Voices of angels, feet of clay

Elvis Costello. Pic: Victor Diaz Lamich

Elvis Costello. Pic: Victor Diaz Lamich

Need advice to live a better life? Don’t approach a rock star.

At least don’t approach a young Elvis Costello. The songwriter devotes a significant part of his recently-published autobiography to explaining why for many years he could barely trust himself – let alone offer an honest face to others – such was his partying lifestyle on the road.

“I knew that I could become estranged from all that I held dear: vows I made, homes that had and would soon be broken, trust that I could betray, in hotel rooms in which I merely lodged,” he recalls.

Another rock star familiar with ‘the road’, albeit one which led to a gilded palace of sin and cash, was Glenn Frey. The Eagles member died this week, leaving behind a legacy of laid-back country-rock songs and some estranged friends.

Glenn Frey. Pic: Steve Alexander

Glenn Frey. Pic: Steve Alexander

His animosity towards founding Eagle Don Felder ran deep.”When this show is done, I’m going to kick your ass” he told him, on mic, in one of the band’s last performances. Three decades later, interviewed for the movie History of the Eagles, Frey barely managed to speak his old pal’s name. When he did it was a curt “Mr Felder”.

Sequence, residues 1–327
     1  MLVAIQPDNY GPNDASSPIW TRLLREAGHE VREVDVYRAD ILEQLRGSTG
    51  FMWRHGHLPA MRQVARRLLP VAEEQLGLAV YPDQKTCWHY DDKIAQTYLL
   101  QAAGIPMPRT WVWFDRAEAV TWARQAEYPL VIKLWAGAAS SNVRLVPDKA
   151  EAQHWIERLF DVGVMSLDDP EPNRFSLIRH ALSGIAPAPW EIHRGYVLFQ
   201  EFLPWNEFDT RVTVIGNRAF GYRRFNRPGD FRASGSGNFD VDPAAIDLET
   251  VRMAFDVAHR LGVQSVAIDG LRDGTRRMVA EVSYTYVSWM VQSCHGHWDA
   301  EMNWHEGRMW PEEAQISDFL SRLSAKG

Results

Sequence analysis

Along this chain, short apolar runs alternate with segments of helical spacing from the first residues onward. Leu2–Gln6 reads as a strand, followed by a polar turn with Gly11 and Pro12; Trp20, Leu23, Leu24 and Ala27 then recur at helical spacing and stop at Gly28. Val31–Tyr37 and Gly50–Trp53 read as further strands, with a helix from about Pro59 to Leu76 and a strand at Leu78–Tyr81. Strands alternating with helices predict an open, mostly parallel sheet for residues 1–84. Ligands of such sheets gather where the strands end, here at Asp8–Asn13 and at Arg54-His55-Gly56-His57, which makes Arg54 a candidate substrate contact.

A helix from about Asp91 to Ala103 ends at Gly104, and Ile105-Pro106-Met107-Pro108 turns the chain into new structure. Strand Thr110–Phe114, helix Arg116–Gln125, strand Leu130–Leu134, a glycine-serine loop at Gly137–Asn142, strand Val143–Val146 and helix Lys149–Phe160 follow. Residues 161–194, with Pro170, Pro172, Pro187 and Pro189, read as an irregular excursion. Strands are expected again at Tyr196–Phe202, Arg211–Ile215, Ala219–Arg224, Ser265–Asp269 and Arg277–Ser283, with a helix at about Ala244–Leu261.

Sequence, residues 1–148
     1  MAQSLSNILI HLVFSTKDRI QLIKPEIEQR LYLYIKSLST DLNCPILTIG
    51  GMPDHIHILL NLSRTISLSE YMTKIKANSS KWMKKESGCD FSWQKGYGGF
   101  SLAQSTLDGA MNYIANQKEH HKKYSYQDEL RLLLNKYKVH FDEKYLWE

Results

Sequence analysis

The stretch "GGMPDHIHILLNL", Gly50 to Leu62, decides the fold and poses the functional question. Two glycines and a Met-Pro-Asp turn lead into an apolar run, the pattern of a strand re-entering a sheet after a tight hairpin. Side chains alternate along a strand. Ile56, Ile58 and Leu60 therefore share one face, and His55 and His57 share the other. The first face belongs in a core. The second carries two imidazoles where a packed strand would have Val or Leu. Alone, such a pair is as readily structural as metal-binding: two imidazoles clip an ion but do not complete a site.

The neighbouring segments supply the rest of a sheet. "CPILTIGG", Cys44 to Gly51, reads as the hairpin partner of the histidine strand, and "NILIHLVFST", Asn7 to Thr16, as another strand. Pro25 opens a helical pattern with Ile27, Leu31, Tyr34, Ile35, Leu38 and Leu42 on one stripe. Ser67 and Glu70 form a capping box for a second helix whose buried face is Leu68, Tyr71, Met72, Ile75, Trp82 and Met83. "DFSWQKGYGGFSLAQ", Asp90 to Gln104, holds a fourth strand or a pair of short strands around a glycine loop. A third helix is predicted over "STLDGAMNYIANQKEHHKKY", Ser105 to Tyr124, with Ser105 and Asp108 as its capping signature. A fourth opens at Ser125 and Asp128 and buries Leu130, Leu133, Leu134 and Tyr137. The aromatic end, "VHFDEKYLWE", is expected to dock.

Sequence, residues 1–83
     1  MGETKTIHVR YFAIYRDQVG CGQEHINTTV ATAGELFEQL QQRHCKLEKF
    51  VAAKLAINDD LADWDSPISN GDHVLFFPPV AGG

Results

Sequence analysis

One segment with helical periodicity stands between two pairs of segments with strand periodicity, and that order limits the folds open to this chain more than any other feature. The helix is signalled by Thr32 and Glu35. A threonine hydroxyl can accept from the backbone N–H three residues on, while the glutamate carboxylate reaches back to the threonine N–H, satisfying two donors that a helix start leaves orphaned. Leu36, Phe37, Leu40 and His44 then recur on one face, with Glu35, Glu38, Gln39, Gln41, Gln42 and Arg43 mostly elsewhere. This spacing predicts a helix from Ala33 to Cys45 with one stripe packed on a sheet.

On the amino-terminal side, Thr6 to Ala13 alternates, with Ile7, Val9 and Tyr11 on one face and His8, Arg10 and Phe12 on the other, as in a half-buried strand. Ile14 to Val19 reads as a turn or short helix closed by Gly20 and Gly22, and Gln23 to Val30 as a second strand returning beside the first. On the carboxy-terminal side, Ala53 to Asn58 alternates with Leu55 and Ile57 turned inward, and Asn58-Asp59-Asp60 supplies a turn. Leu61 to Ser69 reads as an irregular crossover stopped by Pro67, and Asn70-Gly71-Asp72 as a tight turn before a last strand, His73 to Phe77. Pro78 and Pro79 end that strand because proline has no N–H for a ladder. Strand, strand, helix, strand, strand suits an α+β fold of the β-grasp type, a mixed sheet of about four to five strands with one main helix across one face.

Was this the man who sang the placid 70s anthem Peaceful Easy Feeling? Was Costello the pleading songwriter who just wanted to fall into his partner’s Human Hands?

Yes and yes. All of which is no surprise, of course. But – in this Age of Hagiography – it’s a gentle reminder that those we admire can be just as base, greedy and mortal as everyone else.

That said, everyone else didn’t come up with Hotel California.

Don Felder did.

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2 thoughts on “Voices of angels, feet of clay

  1. D’oh! 🙂 But Glenn did come up with “The Heat is On.” Ok, not really the same significance but it’s a real earworm!

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